I think that given the chance I would spend the rest of my life reading (and writing, when I get good enough) sonnets, at the moment I'm still working my way through Shakespeare's, as well as all sorts of modern ones; you've got to love a form that has lasted 400 years without ever seeming dated.

Rob Mackenzie said...

I might write more about sonnets and voltas in a few days time, once I manage to better formulate the few random thoughts I'm currently having about them.
Sonnets went through a serious dip in popularity for a while and were considered quite out of date.
Why the sonnet has emerged as such a popular form in the last century or so is worth considering.

Eloise said...

Well, the dip as I remember it happened about 300 years ago! It was the Augustans that didn't like them, not enough space I suppose, they were a wordy lot. I suppose now its that sense of the comfort of form in the face of the chaos of 'modern life', what I love is that even e e cummings wrote in sonnets, surprised me so much when I first came across one of his.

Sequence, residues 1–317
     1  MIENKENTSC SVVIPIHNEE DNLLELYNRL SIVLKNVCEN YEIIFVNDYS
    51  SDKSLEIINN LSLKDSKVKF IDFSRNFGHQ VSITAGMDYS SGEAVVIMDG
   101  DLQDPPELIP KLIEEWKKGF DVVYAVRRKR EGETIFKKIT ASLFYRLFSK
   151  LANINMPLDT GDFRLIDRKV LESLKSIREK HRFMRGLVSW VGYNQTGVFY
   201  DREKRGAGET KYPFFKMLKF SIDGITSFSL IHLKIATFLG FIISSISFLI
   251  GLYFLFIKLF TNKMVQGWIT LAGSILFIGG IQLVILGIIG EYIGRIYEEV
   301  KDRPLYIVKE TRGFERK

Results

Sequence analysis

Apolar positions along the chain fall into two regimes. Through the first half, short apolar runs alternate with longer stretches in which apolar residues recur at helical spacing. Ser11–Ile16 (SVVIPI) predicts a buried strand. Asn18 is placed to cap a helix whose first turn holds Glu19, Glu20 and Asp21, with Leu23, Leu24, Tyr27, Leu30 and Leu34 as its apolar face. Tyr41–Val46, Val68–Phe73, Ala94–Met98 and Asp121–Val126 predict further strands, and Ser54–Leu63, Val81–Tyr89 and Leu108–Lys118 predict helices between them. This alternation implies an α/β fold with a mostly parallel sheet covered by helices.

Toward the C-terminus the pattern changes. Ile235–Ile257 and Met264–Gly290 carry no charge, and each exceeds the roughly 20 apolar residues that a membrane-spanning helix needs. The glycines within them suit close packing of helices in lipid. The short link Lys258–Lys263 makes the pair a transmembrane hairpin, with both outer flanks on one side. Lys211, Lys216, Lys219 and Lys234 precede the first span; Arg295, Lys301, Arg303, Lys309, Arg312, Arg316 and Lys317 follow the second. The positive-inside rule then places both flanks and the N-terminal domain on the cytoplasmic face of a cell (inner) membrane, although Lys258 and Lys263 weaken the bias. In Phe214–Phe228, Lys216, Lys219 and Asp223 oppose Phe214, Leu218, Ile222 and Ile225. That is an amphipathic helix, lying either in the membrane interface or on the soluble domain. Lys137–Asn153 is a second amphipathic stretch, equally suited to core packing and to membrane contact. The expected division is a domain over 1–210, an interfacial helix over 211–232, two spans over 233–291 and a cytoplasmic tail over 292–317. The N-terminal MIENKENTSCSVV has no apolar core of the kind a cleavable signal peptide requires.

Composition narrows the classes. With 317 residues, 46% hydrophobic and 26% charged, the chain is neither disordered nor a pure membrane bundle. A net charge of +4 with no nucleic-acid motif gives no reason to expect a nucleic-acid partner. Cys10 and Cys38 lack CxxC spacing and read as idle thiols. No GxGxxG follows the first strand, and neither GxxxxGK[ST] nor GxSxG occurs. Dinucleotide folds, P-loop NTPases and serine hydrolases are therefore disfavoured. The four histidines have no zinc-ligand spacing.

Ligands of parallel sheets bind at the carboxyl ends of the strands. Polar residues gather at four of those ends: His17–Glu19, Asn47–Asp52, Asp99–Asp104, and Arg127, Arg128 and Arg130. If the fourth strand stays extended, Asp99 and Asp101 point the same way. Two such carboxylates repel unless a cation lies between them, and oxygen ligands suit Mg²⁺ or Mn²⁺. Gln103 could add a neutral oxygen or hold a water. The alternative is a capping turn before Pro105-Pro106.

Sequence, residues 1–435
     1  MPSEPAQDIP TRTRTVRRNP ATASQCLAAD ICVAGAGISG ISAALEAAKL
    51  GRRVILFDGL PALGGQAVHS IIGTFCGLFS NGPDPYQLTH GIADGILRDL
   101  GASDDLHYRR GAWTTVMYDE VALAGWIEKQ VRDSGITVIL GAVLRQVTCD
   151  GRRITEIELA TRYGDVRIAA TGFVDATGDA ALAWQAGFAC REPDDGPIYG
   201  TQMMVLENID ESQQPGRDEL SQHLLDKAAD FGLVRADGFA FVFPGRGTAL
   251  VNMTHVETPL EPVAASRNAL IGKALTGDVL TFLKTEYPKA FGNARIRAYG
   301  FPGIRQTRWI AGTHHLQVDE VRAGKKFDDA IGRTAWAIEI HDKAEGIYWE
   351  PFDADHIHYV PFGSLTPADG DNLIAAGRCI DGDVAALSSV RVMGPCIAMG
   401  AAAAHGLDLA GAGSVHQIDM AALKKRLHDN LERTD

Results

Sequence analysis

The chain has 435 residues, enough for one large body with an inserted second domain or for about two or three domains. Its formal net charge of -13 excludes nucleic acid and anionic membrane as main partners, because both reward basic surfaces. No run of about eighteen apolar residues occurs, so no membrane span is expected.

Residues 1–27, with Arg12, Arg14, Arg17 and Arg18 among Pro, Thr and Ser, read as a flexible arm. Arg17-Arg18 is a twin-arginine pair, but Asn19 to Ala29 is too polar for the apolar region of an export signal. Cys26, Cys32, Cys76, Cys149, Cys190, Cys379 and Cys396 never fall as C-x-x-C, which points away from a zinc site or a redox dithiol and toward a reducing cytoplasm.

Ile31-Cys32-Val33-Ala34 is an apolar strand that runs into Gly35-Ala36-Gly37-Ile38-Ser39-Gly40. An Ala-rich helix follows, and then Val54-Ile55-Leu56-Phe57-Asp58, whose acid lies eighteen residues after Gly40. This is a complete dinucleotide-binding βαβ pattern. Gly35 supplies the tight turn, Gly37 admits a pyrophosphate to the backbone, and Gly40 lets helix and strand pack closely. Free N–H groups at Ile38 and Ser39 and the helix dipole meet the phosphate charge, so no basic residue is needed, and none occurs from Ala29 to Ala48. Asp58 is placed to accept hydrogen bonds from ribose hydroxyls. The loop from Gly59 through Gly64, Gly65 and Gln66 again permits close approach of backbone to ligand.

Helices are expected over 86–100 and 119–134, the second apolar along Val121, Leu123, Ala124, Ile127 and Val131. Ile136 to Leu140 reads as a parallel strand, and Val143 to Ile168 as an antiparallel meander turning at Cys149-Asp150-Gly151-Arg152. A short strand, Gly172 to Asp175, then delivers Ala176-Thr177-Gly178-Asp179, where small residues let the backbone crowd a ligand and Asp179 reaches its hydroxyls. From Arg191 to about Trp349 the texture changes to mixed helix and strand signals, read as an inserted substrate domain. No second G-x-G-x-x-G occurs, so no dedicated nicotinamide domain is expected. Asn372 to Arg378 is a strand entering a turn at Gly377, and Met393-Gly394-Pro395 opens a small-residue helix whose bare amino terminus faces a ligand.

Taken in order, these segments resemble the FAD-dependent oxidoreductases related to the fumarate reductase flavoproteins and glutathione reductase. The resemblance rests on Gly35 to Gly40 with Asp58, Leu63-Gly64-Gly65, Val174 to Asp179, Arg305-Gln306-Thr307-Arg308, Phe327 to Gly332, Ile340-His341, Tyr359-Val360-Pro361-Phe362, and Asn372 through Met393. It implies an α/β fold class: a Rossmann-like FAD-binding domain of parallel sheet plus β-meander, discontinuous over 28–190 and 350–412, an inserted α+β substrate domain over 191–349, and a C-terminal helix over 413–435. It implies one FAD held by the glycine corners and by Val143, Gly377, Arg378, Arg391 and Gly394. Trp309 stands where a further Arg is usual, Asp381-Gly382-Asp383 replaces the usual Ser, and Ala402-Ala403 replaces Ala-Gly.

Larry said...

I think it is useless to check sonnets for voltas. It will obviously come wherever it seems to fit and there is no premeditation involved. I'd argue that most poems of more than a few lines contain a volta somewhere whether they are sonnets or not - it is simply a feature of fiction (or whatever it is that we instill into a poem) to include shifts of tone.

Rob Mackenzie said...

Eloise – I was thinking that sonnets are popular today mainly because of their length. Fourteen lines has potential as a highly marketable product. They don’t take long to read, but they can hold a lot inside.